TITLE: Physical Therapy in the Management of Recurrent Clogged Milk Ducts in Breastfeeding: A Case Report

AUTHORS/INSTITUTIONS: Divine K, Shenandoah University, Division of Physical Therapy, Winchester, Virginia, UNITED STATES.

Background and Purpose: Breastfeeding has many known health benefits for mother and baby, including, but not limited to, reduced risk of breast cancer, strengthening of the maternal bond, accelerated weight loss postdelivery, and reduced risk of sudden infant death syndrome. Many women experience barriers to successful breastfeeding, one being recurrent clogged milk ducts. Clogged milk ducts can lead to pain, breast engorgement, frustration, and mastitis. The purpose of this case report was to describe how a physical therapist utilized patient education, therapeutic ultrasound, and moist heat to manage recurrent clogged milk ducts in a lactating woman. Case Description: A 34-year-old female was referred to physical therapy (PT) for recurrent clogged milk ducts in bilateral (B) breasts after unsuccessful self-management. She had mastitis twice within the past 3 months and was considering cessation of nursing. She reported daily clogged milk ducts B, 7/10 pain on the visual analogue scale with nursing sessions, and feelings of incomplete draining of the breasts. She was seen for a total of 5 PT visits over a 3-week period. PT treatment included the application of moist heat followed by therapeutic ultrasound (100% duty cycle, 1 MHz, 2 W/cm2, 2x effective radiation area × 8 minutes per clogged duct) and patient education. Education focused on breastfeeding positions, avoiding sleeping prone/tight clothing, staying hydrated, preparing nipple for proper latch, use of moist heat, anti-inflammatory medication, and self-massage. Outcomes: The patient reported a reduction in breastfeeding pain from 7/10 to 1/10, had resolution of clogged ducts immediately following PT treatment, reported a minimal recurrence of clogged ducts with subsequent breastfeeding sessions and remained infection free after a 2-month follow-up. She was able to continue breastfeeding >1 year. Discussion: Therapeutic ultrasound, moist heat, and patient education were successful in opening clogged milk ducts, reducing breast pain, and limiting reoccurrence. Physical therapy may play an integral role in providing nursing mothers with support, education, and conservative treatment for managing clogged ducts to optimize successful breastfeeding.

TITLE: Nurses' Perception of Acute Physical Therapy for Postpartum Women: A Focus Group

AUTHORS/INSTITUTIONS: Divine K, Abraham K, Duvall P, Weicht L, Shenandoah University, Winchester, Virginia, UNITED STATES.

Hypothesis/Purpose: Postpartum women are at increased risk for physical impairments following delivery, which include but are not limited to back pain, urinary incontinence, diastasis recti abdominis, pelvic floor muscle injury, and pregnancy-related pelvic girdle pain. Physical therapists are in a unique position to address these concerns and provide education to women during the acute postpartum stay. However, there is a lack of utilization of physical therapy (PT) services during postpartum recovery. Mother-baby (MB) unit nurses work with postpartum mothers on a daily basis; therefore, the purpose of this study was to gain nurses' perspectives of the need for PT services and their knowledge of the role of PT in the acute postpartum setting. Subjects: Subjects were recruited from MB unit nursing staff at a regional medical center and a small community hospital. There were 8 MB nurses, 1 certified nurse midwife, and 1 recently graduated nursing student with MB experience who participated in the study. Materials/Methods: Two focus groups were conducted, one at each facility. A questionnaire was used to gather demographic information and was distributed prior to the session. A student moderator led a semistructured interview process with 3 preselected open-ended questions. The discussions were audio recorded and 2 to 3 students took field notes that were then transcribed and peer debriefed for accuracy and validity. Transcriptions were analyzed using Dedoose software to identify key themes and develop a comprehensive concept map. Results: There were 5 participants present for each focus group, with an average of 9.8 years of work experience in MB units. There were 4 main themes that emerged through theme coding and data analysis. The main themes included lack of understanding of PT scope of practice/exposure to PT services, limited time for services in the acute setting, role overlap (PT/nursing), and appropriate timing of PT intervention. Conclusion: MB nurses demonstrated limited understanding of the PT scope of practice and its potential benefit in the acute postpartum setting. Despite identifying opportunities for PT intervention during the acute stay, the nurses were reluctant to advocate for PT intervention except with complex patient cases. This lack of interprofessional knowledge/collaboration may limit postpartum recovery. Clinical Relevance: This study identified limitations in the knowledge of health care professionals regarding the potential role of PT in the acute postpartum setting. Therefore, it may be beneficial for future research to examine the impact of educational programs targeted at both health care providers and postpartum women and the effect of that education on physical therapy referrals and postpartum physical impairments.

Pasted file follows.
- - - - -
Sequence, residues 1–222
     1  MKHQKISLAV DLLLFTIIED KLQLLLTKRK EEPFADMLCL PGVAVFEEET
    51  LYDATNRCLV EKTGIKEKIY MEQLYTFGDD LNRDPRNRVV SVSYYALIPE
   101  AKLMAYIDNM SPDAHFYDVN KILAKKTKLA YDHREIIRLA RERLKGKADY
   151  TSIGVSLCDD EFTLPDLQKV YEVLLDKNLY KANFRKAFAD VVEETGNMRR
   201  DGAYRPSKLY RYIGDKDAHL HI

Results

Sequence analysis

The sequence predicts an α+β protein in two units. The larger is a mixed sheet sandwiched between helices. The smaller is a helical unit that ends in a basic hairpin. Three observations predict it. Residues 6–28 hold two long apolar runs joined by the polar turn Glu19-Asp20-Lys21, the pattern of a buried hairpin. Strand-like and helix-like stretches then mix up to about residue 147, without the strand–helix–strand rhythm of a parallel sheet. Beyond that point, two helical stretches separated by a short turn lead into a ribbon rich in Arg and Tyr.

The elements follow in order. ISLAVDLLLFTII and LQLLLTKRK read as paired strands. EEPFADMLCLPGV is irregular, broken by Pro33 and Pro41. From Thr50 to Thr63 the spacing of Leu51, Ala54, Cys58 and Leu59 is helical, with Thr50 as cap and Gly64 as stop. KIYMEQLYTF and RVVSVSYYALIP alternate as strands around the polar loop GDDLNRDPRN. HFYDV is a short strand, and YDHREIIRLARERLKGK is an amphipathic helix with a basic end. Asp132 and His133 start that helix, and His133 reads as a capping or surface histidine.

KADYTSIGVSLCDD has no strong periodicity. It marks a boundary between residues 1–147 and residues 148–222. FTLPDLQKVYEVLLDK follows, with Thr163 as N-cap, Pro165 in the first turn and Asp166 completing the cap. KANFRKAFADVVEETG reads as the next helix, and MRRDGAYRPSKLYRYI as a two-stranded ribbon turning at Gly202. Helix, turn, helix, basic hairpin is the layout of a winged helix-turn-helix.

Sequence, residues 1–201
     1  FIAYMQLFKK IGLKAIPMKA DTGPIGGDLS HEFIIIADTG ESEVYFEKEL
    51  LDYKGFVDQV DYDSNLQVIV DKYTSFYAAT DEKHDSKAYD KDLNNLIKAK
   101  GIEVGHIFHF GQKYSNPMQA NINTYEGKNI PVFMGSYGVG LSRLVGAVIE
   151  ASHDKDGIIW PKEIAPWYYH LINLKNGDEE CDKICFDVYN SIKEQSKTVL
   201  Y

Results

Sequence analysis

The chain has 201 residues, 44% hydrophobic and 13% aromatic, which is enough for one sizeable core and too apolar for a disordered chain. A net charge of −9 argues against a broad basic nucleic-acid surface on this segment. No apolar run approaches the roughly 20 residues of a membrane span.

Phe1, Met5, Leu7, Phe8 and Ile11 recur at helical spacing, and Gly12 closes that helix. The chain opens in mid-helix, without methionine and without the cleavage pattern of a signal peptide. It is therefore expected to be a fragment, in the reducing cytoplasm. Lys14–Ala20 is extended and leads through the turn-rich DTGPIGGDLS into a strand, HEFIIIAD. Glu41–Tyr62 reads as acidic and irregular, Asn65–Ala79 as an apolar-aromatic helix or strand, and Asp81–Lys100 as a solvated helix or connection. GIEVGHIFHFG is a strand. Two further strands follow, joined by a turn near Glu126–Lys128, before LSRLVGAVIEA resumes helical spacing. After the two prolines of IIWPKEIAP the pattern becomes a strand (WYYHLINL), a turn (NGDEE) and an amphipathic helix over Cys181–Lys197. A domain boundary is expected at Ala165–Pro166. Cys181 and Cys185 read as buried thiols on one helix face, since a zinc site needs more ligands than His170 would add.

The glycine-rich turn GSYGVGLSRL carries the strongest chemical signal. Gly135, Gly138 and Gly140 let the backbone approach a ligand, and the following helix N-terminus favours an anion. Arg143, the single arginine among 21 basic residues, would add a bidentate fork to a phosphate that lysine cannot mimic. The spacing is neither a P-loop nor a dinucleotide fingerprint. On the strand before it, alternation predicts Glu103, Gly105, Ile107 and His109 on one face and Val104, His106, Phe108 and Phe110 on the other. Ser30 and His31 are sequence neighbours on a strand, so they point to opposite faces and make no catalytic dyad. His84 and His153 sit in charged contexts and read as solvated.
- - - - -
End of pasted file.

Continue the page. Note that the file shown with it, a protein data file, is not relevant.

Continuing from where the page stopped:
TITLE: The Impact of Gender on Wellness Center Participation and Outcomes in Persons With Disabilities

AUTHORS/AFFILIATIONS: Mulroy S, Kiseljak-Dusenbury S, Rancho Los Amigos Rehabilitation Center, Downey, California, UNITED STATES.